8 Things That Help Me Get Through The Blue Days

I think that everyone will be affected by mental illness in their lifetimes, be it their own personal suffering, or the suffering of someone they know. It seems to be so much more prevalent these days than generations before; I don’t think it’s because more people are getting sick now, I think it’s just because more people are getting help, which is awesome.

But, there are some days that you’re not so keen on talking about your crap to other people and you’d rather help yourself. Everyone has things that work for them; these are the things that work for me when I’m having a bit of a blue day…

 

1. Marley cuddles
Most people who struggle with depression generally know when they wake up if it’s a good day or not; I do, anyway. If it’s a good day, I’m usually out of bed and going for a walk or doing some weight training. If it’s not such a good day, Marley usually knows and makes himself very available for a cuddle. Studies have also shown that hugging a pet can help with depression, so grab your fur baby and snuggle it first thing in the morning before you even try to deal with the day!

2. Braided hair
I’ve always loved braiding my hair; I think maybe because it takes some time and forces me to slow down for a few minutes. On those days where I feel particularly crap and revolting, even a little side braid pretties up an otherwise boring ponytail exponentially and makes you feel a little better, especially when people comment on how nice your hair looks. It’s like my own little self-love ritual  : )
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3. Security-blanket clothes
I know it’s not a real term, but it’s one that I use a lot. My security blanket clothes are the clothes that I feel good in. They’re the ones that don’t make me feel self-conscious because they’re tight fitting or brightly coloured or too over the top. They’re pieces like my old, torn, blue jeans, my hooded red flannelette shirt, my over-sized white striped t-shirt, my denim shorts, my Hogwarts cardigan from London, my black and white long-sleeved floral printed swing dress, my brown leather lace up boots or my chucks. Crap day = wear a security-blanket piece.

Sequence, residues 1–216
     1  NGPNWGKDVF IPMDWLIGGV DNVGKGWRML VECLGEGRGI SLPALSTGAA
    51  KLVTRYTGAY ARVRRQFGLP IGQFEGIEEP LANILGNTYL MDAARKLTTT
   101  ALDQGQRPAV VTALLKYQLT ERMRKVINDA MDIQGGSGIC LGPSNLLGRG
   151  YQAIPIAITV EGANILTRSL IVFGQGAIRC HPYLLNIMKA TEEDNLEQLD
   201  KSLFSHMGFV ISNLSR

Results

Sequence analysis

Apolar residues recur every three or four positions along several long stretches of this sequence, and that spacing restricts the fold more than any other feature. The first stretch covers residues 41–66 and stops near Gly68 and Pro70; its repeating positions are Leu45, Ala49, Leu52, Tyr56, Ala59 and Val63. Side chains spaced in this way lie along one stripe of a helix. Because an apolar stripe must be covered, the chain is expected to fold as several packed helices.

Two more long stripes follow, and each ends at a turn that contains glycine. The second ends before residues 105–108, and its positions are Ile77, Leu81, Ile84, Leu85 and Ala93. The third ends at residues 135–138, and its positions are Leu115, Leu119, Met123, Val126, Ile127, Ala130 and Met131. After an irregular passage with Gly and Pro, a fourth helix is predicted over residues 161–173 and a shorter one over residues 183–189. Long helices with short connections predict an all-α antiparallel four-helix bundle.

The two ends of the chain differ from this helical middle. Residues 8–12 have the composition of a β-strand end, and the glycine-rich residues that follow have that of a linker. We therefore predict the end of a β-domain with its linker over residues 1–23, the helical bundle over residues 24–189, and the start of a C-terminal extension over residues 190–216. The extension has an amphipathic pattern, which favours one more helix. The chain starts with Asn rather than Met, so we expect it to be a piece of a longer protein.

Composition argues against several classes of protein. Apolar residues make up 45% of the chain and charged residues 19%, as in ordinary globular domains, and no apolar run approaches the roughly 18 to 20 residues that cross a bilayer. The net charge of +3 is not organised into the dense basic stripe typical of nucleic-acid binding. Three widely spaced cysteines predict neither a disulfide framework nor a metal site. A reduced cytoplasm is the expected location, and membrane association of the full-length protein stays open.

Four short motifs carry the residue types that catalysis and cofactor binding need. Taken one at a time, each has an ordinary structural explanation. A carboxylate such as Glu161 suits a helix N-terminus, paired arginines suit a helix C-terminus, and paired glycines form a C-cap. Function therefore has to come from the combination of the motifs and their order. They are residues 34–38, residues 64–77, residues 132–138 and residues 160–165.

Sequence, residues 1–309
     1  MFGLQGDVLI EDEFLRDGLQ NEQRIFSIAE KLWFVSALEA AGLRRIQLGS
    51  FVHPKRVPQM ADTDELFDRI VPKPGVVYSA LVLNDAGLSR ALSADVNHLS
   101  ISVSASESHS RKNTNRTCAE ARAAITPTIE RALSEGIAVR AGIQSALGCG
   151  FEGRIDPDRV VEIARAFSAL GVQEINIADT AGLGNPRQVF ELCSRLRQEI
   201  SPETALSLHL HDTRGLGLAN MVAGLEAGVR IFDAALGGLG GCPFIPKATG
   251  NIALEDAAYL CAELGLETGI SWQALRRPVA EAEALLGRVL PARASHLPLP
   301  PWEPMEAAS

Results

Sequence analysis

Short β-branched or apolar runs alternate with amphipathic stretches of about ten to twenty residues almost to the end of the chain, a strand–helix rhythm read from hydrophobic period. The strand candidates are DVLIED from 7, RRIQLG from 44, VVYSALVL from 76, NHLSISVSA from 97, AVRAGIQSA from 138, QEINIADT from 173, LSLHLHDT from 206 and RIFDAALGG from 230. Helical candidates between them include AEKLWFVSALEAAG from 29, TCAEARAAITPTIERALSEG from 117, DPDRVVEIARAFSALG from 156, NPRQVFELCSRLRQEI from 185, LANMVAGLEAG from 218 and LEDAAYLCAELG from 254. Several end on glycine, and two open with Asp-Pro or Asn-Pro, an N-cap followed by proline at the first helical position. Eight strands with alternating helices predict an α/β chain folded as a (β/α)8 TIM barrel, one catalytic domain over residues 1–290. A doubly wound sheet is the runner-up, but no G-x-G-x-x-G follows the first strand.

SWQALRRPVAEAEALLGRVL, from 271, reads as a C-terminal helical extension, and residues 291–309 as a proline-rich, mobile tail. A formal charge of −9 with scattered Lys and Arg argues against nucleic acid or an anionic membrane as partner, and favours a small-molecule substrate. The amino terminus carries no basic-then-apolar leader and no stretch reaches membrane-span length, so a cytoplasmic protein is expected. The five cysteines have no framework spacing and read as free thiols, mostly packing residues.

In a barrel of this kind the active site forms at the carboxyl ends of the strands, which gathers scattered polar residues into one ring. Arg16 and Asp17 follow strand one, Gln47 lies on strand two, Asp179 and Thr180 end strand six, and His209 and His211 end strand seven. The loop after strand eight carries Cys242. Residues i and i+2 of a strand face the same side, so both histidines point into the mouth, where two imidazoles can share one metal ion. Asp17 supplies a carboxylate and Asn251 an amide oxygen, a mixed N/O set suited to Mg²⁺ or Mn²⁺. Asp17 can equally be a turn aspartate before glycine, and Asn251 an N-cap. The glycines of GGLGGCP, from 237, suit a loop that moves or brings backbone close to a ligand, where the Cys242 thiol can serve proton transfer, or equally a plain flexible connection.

4. Walk
Exercise is always recommended for people struggling with depression, but it doesn’t always have to be intense exercise; walking will do just fine, and I walk every day. Some days it’s a 5km walk before work with the husband and the fur baby. Some days it’s an after dinner stroll. Some days it’s getting off the train a few stations early and walking to the office the long way. Some days it’s all of the above. Even when you feel like absolute shit, fresh air is so, so important.
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5. Lunch break cuppa & read
Pretty much every day. I cannot be stuck in an office all day, every day; I don’t know how other people do it. I eat my lunch at my desk while I’m working, and spend my lunch break most days drinking tea and reading a book at a cafe. I know it’s a bit of a waste to pay for tea when it’s just boiled water, a splash of milk and a tea bag, but I look at it more as investing a few dollars rent each day into my well being. If a $4 cup of tea and time to read is what’s gonna get me through the day, that’s not a waste of money. At the same time, that’s also why I always BYO lunch!

6. Music